Chapter 13 “adjustment of debts” provides a set of tools, each one solving a different problem that could otherwise lead to losing your home.
Here’s a summary of today’s blog post:
These 5 tools include: 1) being able to catch up on your mortgage arrearage flexibly, 2) “striping” your second (or third) mortgage off your home title, 3) preventing the recording of income tax liens on your home, 4) satisfying already recorded tax liens inexpensively and safely, and 5) slashing other debt obligations so that you can afford to pay debts on your home.
1. Catch up on Past Due Mortgage Payments
You have the length of your Chapter 13 payment plan—generally 3 to 5 years—to pay your missed mortgage payments.
Not only do you have this length of time—much longer than most mortgage lenders would allow voluntarily—you also have a great deal of flexibility in how and when it’s paid during that time. For example, depending on the amount of equity in your home and other factors, you may be able to pay other even more urgent creditors ahead of or at the same time as you’re catching up on the mortgage, such as vehicle and child/spousal support arrearages. You may even be able to catch up through a refinancing, perhaps even after waiting a couple years for more equity to build up in your home.
And this all works because during this entire catch-up period your home is protected from foreclosure and most other collection efforts, as long as you follow the terms of the payment plan that you and your attorney propose and the bankruptcy court approves. If you do successfully follow your plan, you will be current on your mortgage by the time you finish your case.
2. “Strip” Second Mortgage off Your Title
If your home is worth no more than the balance on your first mortgage, then a second mortgage can be “stripped” of its lien against your home. This means that as soon as your Chapter 13 case were filed, you would no longer need to make the monthly second mortgage payments. That would immediately reduce the monthly cost of keeping your home.
Then the entire balance owed on your second mortgage is treated in your Chapter 13 case like a “general unsecured” debt—just like your lowest priority debts like medical bills and credit cards. This means that the second mortgage balance is lumped in with all of these other debts and then that pool of debt is paid only as much as you can afford to pay during the time that you are in the payment plan. This would be AFTER catching up on your first mortgage and other higher priority debts are paid in full. Often the second mortgage balance and other “general unsecured” debts are paid only pennies on the dollar, and sometimes are even paid nothing. And then at the end of your successful payment plan whatever portion of the second mortgage balance is not paid is permanently written off. That brings you much closer to building equity in your home.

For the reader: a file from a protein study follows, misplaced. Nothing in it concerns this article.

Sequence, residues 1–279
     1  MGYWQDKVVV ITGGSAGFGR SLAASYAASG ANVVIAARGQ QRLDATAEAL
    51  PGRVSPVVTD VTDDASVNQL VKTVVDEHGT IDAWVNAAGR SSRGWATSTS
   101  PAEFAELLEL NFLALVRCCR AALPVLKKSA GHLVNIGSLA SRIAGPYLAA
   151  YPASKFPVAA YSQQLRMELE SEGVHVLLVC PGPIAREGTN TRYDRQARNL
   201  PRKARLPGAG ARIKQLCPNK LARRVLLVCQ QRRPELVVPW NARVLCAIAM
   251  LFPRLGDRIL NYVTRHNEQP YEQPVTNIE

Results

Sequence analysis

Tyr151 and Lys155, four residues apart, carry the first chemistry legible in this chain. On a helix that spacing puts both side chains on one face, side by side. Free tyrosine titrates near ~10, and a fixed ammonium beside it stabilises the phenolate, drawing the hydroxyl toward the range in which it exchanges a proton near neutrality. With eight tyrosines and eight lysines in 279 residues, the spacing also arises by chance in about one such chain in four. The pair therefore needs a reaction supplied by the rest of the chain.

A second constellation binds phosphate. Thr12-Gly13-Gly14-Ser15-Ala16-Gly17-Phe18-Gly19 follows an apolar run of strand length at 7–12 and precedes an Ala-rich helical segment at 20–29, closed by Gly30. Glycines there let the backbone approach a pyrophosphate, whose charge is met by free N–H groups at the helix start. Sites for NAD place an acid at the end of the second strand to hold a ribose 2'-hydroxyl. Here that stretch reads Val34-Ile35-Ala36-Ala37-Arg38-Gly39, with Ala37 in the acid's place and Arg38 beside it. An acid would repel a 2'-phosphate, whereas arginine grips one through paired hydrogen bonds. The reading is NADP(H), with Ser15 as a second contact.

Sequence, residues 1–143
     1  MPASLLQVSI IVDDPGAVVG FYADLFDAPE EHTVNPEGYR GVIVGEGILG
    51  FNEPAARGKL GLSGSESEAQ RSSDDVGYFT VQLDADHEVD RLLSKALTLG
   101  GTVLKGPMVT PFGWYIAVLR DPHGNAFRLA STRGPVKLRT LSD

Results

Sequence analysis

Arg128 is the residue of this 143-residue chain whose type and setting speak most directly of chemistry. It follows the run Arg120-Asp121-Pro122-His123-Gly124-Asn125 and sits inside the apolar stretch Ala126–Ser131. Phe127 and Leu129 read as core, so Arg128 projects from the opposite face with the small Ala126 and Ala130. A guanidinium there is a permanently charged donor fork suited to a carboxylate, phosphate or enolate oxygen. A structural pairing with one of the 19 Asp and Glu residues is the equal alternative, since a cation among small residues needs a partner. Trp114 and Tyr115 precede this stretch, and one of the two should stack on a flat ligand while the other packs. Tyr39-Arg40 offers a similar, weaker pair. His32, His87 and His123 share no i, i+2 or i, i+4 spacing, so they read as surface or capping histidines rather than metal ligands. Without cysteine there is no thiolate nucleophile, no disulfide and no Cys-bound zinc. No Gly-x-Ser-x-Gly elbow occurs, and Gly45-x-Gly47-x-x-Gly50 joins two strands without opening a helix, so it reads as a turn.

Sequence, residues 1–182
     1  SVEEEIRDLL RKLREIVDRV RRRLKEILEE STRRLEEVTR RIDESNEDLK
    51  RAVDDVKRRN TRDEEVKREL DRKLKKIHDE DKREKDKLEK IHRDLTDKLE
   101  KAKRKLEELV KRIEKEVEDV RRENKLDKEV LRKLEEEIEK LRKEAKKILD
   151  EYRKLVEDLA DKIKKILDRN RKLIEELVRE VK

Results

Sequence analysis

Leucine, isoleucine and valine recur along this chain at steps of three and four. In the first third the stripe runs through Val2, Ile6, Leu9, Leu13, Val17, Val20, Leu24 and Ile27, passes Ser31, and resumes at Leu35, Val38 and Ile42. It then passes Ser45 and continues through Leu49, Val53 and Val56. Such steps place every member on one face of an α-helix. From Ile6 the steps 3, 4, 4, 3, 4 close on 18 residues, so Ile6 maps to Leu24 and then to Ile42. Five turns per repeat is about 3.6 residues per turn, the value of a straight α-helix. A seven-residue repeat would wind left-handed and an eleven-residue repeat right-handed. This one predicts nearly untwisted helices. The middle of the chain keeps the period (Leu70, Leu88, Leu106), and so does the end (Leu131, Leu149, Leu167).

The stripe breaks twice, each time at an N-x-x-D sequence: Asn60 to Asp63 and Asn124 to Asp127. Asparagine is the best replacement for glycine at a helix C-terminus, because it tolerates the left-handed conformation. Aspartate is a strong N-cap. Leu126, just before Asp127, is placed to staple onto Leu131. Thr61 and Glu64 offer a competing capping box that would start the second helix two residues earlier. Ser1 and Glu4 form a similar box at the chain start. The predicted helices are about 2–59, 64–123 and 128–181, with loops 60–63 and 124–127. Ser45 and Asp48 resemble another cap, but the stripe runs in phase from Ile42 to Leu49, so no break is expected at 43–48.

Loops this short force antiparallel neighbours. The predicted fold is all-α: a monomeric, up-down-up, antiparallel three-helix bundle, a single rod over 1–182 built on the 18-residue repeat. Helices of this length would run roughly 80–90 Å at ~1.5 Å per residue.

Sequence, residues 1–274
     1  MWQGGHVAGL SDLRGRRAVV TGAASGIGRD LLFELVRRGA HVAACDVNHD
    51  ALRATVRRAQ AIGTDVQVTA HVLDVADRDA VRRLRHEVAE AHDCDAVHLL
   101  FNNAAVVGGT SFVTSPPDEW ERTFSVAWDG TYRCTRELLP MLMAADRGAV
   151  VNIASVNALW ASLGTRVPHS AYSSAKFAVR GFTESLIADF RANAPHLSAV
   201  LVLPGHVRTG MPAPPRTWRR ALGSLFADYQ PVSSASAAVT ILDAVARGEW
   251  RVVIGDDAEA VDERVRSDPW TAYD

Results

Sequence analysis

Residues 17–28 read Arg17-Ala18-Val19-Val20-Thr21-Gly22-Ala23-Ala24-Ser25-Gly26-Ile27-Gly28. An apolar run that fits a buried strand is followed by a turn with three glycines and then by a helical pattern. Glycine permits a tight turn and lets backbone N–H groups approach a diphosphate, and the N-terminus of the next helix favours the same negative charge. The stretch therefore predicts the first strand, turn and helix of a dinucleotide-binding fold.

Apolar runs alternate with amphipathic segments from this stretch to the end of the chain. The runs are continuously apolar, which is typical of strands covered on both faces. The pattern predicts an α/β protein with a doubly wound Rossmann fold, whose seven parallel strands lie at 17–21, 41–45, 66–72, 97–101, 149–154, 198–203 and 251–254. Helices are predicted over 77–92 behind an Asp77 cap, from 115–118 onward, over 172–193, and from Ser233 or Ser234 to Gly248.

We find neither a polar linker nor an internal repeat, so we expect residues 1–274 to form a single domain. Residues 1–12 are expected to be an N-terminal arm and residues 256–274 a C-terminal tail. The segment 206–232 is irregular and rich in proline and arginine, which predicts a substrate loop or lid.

3. Prevent Recording of Income Tax Liens
Filing either a Chapter 7 or Chapter 13 case prevents federal and state income tax liens from attaching to your home while the cases are open. But Chapter 7’s protection lasts only a few months. That means if you owe any income tax that would not be discharged (legally written off) in a Chapter 7 case—usually those from recent tax years—could result in a tax lien being recorded against your home as soon as the Chapter 7 case is over. That’s usually only about three or four months after filing the case. This gives the IRS or other taxing authorities a lot of leverage against you and puts your house in jeopardy.
If instead you file a Chapter 13 case before a tax lien is recorded, the protection against a tax lien lasts for years, giving you time to pay the underlying tax under that protection. The tax would be paid off in your Chapter 13 case as a “priority” debt, usually without any more accruing interest and penalties, and under very flexible terms, without you needing to worry about the IRS/state recording a tax lien throughout that time.
4. Satisfy Recorded Income Tax Liens
If at the time of your Chapter 13 case your home already has an unpaid income tax lien against it, the IRS/state will be stopped from taking any action on that lien against your home. If that lien was recorded on a tax that CANNOT be written off in bankruptcy, Chapter 13 both provides you a mechanism to pay these inescapable debts on a reasonable timetable and protects you and your home while you do so. If that lien was recorded on a tax that CAN be written off in bankruptcy (usually from older tax years), then often you need to pay only pennies on the dollar on that tax before the remaining amount is written off and the tax lien is released.
5. Slash Other Debt Obligations
Chapter 13 reduces what you must pay on your other debt obligations, often radically so. Most debts secured by your home are allowed to be prioritized in your court-approved payment plan, while many other debts are paid less, and in some cases are paid nothing. As a result, you would have much more money to pay your mortgage and property taxes, and perhaps other obligations related to your home.
Chapter 13 can sometimes even give more room in your budget to pay towards your home than if you had filed a Chapter 7 case. That’s because if you owe certain kinds of debts that would not be written off in a Chapter 7 case—such as an ongoing vehicle loan, certain taxes, child or spousal support arrears, and most student loans—Chapter 13 could enable you to pay less each month on those obligations, leaving more money for your home.